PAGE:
Management April 23, 2012 Last updated September 18th, 2018 3,127 Reads share

Source Consulting’s CEO, Luke Kupersmith, Explains His Success

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CEO and co-founder of Source Consulting,

How did you start Source Consulting and what gave you the inspiration?

As an entrepreneur, I find it fun to take a good idea and make something of it into something real. Source Consulting began in 2004 while working on my first business venture, Blankstyle, a clothing line of blank tees and screen printing services. I saw the need for shipping cost reduction solutions and the idea for Source Consulting was born.

How did you gain your strong leadership skills and how do you apply them in your business to achieve such great results?

Just like any business leader, I am a work in progress. What I know now, I have learned along the way by “sponging” from others’ experience and applying them to my business. I feel it’s important to be a continued student of leadership in order to continuously apply what I have learned along the way.

Has your previous experience as a Financial Advisor helped you to face problems as they arise in your company?

My previous experience in teaching other’s what is good to do or not to do has provided me with the opportunity to enhance my knowledge of my own company’s finances, as well as selling and being a teacher. As challenges arise in the business and with customers, I am able to address them myself and coach my team in how to address them as well.

Related: An Interview With Entrepreneur Paraic Hegarty

Do you have any role models in business?

I have learned so many things from many different people; I’m a sponge absorbing information wherever, and from whomever, I can get it. I can’t say that I’ve had any one role model or mentor in business, but I did work with my papa in construction before college and learned my work ethic from him.

Your business seems to have grown successful very quickly – did you have rapid learning curves on the way and what were they?

I had a number of different ventures I was working on in the early years of Source, all which took time, effort, and a lot of money. I finally learned that I needed to focus on one idea and spend time to help grow that idea and make it into something meaningful. I look back now and wish I had found that learning curve a lot quicker – to focus and put funding into what really mattered.

Has your business been affected by the downturn in the economy globally?

Yes, Source Consulting has been affected by the economy but not negatively— it has actually been a boost. In a good economy, companies ship more and are typically more concerned with sales and less concerned with cost-savings. In a downturn economy, cost-savings becomes more of a priority and there’s more need for efficiency—it’s survival mode.

Related: The Success Story Of Entrepreneur Kate Hyde With

What is the biggest lesson you have learned in setting up and running your business?

This may not be the biggest lesson, but I have learned that a large portion of time needs to be spent on figuring out and anticipating challenges to your business idea. It’s easy as an entrepreneur – and I include myself – to have an idea and run with it. A lot of business ideas don’t survive because the person focuses mainly on the beauty of the idea and is not prepared for any realistic challenges to that idea.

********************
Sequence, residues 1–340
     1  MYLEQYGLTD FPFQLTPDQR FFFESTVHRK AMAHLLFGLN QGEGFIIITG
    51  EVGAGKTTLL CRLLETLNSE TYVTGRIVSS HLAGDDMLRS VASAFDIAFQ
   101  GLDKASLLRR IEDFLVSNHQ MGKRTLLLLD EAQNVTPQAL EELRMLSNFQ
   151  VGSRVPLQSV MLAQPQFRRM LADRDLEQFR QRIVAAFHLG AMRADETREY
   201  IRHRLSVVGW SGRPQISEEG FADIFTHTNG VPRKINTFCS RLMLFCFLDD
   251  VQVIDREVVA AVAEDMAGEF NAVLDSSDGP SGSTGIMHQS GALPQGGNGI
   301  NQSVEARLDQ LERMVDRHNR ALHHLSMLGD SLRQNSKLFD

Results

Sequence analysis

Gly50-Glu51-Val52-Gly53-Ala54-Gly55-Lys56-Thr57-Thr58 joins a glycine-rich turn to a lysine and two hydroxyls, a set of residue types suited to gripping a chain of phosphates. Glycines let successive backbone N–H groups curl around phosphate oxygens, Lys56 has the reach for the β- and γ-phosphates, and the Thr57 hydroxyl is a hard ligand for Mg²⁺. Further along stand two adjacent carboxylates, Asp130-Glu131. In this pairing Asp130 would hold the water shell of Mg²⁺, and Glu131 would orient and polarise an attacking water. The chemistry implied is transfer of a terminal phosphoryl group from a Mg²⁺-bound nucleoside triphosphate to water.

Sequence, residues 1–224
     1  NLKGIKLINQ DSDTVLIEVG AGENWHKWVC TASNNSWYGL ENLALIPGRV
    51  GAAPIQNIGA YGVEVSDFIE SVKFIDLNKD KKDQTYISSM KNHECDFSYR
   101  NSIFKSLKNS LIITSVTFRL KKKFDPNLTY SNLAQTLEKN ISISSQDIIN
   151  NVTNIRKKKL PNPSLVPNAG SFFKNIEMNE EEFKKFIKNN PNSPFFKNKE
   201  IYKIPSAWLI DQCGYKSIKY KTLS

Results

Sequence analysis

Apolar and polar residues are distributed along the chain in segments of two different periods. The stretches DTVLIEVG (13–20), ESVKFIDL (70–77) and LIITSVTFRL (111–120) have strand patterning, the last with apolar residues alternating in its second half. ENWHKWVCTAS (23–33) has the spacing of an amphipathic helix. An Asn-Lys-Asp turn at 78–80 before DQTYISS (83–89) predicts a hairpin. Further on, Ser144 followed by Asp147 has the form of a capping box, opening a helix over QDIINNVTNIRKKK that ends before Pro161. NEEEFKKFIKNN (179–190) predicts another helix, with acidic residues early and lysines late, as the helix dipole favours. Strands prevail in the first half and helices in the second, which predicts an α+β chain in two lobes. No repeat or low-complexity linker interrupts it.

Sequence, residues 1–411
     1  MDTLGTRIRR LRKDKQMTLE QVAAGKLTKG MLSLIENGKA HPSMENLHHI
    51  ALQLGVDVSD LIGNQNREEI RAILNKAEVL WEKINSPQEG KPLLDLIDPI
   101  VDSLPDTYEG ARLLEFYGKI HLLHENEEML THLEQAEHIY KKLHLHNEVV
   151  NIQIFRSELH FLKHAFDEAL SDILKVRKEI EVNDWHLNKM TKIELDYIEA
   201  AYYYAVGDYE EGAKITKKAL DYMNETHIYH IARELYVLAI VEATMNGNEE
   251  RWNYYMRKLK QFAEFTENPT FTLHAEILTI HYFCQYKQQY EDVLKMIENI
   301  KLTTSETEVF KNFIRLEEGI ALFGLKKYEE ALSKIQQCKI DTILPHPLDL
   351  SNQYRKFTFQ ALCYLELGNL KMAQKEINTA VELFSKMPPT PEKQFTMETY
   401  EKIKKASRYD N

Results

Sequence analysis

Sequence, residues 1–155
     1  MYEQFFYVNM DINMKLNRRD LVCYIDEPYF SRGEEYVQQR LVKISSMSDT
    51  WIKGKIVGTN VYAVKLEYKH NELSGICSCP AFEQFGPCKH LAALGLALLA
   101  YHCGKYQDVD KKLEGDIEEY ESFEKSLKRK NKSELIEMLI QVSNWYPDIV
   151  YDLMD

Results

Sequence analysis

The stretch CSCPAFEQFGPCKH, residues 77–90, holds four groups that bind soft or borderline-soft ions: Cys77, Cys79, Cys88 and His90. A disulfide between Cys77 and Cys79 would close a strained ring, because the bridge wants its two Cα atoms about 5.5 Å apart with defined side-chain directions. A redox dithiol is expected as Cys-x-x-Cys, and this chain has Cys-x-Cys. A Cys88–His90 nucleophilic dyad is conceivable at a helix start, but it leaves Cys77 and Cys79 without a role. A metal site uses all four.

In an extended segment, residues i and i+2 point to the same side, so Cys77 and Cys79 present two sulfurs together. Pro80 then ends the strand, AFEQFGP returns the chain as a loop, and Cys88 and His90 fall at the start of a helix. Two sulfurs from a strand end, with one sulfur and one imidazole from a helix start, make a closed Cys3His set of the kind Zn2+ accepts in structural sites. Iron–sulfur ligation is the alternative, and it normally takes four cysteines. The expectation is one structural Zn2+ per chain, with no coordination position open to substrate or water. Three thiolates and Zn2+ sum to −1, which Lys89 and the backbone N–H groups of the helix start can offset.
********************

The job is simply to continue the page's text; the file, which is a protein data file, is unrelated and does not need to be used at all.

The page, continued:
As a successful entrepreneur what advice would you give to someone starting off with a business idea that they think could become the next big thing?

I would advise new entrepreneurs to be prepared for criticism to your idea and to anticipate business challenges – if you think it’s all rosy, you’ll fail. Spend about 80% of time figuring out challenges you expect to encounter in the business. If you can create a solid foundation you can carry the idea to fruition and be prepared to combat challenges.

Tell me about your Greater Good Initiative?

My vision for future growth is to incorporate a philanthropic concept into Source Consulting’s business model to inspire employees, customers and business leaders in community responsibility. The first step is our recently developed Greater Good Initiative where we dedicate a business day for employees to volunteer and help out at a chosen charitable organization.

Philanthropy and helping people in any capacity is a part of who I am and something I care a lot for. With the Greater Good Initiative, I saw the opportunity to ingrain these concepts into the business so it’s natural to be a part of it; I want to bring non-profit work into the day to day and company life as part of a daily routine. This is a platform for not just me to do something on my own, but to inspire and benefit the company as a whole.

Related: Is Your Company Socially Responsible?

Thank you to Luke Kupersmith for this interview and insight into how to run a successful company. Wouldn’t it be great if more companies followed his example and give back to the community too?

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Sian Phillips

Sian Phillips

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